Ensure robust security and secure access to sensitive data for Spring Boot applications using YugabyteDB’s advanced security features, including TLS encryption, and native cloud secret management services like AWS Secrets Manager, GCP Secret Manager, Azure Key Vault, or Hashicorp Vault.
Our team continues to deliver new innovations, so we are excited to announce our latest stable release—YugabyteDB 2.14, which delivers higher performance, security and YugabyteDB Anywhere enhancements.
YugabyteDB is quickly becoming the cloud native relational database for the world’s most demanding enterprises, driving data-driven innovation in the face of growth, uncertainty, and change.
If you are designing your architecture for stateful edge applications, here are some key principles and design patterns you should be aware of.
In the first post in this series, we covered how to secure YugabyteDB’s internal RPC protocol using the TLS encryption protocol, also referred to as server-to-server encryption in transit. In this post, we secure the communication between SQL clients and the PostgresQL query interface of YugabyteDB, also called client-to-server encryption in transit.
YugabyteDB—a 100% open source, distributed SQL database built to accelerate cloud native agility—stores important user and customer data at an organization.
Welcome back to our blog series about how different compliance and regulatory frameworks work and how YugabyteDB can be an essential part of a company’s compliance efforts. In this third installment, we focus on the PCI Security Standards Council’s Payment Card Industry Data Security Standard (PCI DSS). More specifically, we reveal how companies can use YugabyteDB to enable compliance with certain key PCI DSS requirements.
For further details, read our recently published Yugabyte PCI DSS Compliance Guide.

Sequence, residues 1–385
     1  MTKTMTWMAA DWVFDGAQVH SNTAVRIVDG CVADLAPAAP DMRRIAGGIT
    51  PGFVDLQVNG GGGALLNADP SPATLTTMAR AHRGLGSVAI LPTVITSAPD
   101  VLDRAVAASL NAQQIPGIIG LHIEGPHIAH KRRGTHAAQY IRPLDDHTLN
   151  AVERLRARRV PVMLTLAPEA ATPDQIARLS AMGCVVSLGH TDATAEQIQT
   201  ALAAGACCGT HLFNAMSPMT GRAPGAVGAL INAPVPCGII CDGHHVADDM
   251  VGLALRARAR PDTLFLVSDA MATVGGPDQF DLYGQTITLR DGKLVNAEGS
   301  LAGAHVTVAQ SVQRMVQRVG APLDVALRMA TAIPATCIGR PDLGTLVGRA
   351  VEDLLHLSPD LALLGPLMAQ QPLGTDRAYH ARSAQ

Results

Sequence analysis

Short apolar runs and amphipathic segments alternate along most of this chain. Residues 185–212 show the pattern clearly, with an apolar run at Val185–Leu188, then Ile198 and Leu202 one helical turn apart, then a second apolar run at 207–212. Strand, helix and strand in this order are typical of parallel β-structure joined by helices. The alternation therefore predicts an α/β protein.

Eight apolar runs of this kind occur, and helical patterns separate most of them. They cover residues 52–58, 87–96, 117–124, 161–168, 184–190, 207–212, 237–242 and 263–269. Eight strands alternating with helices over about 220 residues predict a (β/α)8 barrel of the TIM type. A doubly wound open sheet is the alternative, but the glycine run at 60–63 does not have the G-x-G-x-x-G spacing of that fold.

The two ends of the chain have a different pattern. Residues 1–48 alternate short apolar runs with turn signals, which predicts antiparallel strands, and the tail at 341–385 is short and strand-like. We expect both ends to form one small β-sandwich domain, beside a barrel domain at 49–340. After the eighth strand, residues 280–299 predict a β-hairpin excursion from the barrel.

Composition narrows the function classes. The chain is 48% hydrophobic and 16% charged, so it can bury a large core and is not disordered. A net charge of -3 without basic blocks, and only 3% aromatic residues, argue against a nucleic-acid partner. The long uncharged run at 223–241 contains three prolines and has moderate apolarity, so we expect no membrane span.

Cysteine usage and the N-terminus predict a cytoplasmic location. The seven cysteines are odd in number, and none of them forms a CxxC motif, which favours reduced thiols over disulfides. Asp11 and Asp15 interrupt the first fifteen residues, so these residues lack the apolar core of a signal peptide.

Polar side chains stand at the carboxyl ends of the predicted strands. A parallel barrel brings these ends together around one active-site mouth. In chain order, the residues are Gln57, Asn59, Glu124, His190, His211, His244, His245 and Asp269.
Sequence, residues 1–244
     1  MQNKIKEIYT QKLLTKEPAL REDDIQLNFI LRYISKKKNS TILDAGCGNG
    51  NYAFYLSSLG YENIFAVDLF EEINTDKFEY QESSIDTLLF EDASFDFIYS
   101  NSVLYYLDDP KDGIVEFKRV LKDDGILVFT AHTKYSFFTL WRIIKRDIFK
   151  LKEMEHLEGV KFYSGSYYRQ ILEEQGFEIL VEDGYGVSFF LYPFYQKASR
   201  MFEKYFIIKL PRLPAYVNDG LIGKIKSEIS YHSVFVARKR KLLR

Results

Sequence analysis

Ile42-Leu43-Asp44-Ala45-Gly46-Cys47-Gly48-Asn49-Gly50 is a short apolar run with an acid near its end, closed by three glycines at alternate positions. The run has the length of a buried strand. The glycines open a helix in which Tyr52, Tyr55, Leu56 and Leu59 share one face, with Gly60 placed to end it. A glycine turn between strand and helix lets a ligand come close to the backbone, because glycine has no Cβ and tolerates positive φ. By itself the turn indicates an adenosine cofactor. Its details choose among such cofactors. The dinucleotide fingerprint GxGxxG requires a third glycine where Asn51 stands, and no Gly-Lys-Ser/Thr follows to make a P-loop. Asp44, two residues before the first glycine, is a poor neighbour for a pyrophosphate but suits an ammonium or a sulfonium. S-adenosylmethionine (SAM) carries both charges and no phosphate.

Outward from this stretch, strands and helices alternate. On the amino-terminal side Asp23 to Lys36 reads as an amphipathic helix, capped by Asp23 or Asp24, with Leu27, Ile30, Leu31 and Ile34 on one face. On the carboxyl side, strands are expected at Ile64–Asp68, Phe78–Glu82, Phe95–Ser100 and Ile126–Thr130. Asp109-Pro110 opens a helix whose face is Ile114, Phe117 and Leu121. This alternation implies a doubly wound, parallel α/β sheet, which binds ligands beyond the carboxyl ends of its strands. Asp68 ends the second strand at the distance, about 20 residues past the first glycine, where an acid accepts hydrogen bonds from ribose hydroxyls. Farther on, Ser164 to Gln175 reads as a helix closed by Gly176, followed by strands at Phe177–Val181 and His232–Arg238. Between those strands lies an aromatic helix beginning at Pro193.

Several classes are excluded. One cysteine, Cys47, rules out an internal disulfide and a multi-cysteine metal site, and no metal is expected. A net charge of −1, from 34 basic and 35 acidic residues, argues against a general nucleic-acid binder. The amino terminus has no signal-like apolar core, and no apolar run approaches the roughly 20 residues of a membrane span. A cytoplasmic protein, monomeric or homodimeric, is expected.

This is the first in a series of posts about how different compliance and regulatory frameworks work and how YugabyteDB can be an essential part of a company’s compliance efforts. This installment is an overview of the different international compliance frameworks companies encounter on their journeys with customers.
What’s the Purpose of a Compliance Framework?
A compliance framework is a set of guidelines, baselines and best practices used by companies to establish internal controls to meet regulatory requirements,
Run mission-critical applications at scale with enterprise-grade SLAs and security
Our mission at Yugabyte is to build the default distributed SQL database for cloud native applications in a multi-cloud world. We have been accelerating on this mission by bringing new features, growing our user base, and making our software as robust as possible. Today we are excited to announce the general availability of YugabyteDB 2.4 which includes major enhancements and provides enterprise-grade stability allowing you to deploy YugabyteDB in production environments.
The YugabyteDB 2.5 release adds many critical enterprise-grade security features. This blog post outlines these newly added features.
Adding scram-sha-256 authentication
The first notable addition is the addition of a much improved, password-based authentication mechanism called Salted Challenge Response Authentication Mechanism (or simply SCRAM) as described in RFC5802. This scram-sha-256 authentication mechanism, identical to the most secure PostgreSQL authentication schema,
Support for Geo-Partitioning and Enterprise-Grade Security Features
Our mission at Yugabyte is to build the default distributed SQL database for cloud native applications in a multi cloud world. To further that mission, this release brings major enhancements to multi-region deployments, performance, and security features offered by the database – while simultaneously improving on high availability, horizontal scalability, and ease of managing the database.
- Enhanced multi-region capabilities with geo-partitioning and follower reads: The YugabyteDB 2.5 release adds row-level geo-partitioning capabilities as well as follower reads to the extensive set of multi-region features that YugabyteDB already had.
Microservices architectures are becoming the de facto way developers are thinking about how their applications are constructed. But security remains a top concern for many organizations. Given the general trends of the proliferation of threats within the production network and the increased points of privileged access, it is increasingly necessary to adopt a zero-trust network security approach for microservices architectures.
One of the most common security approaches is to set up mTLS.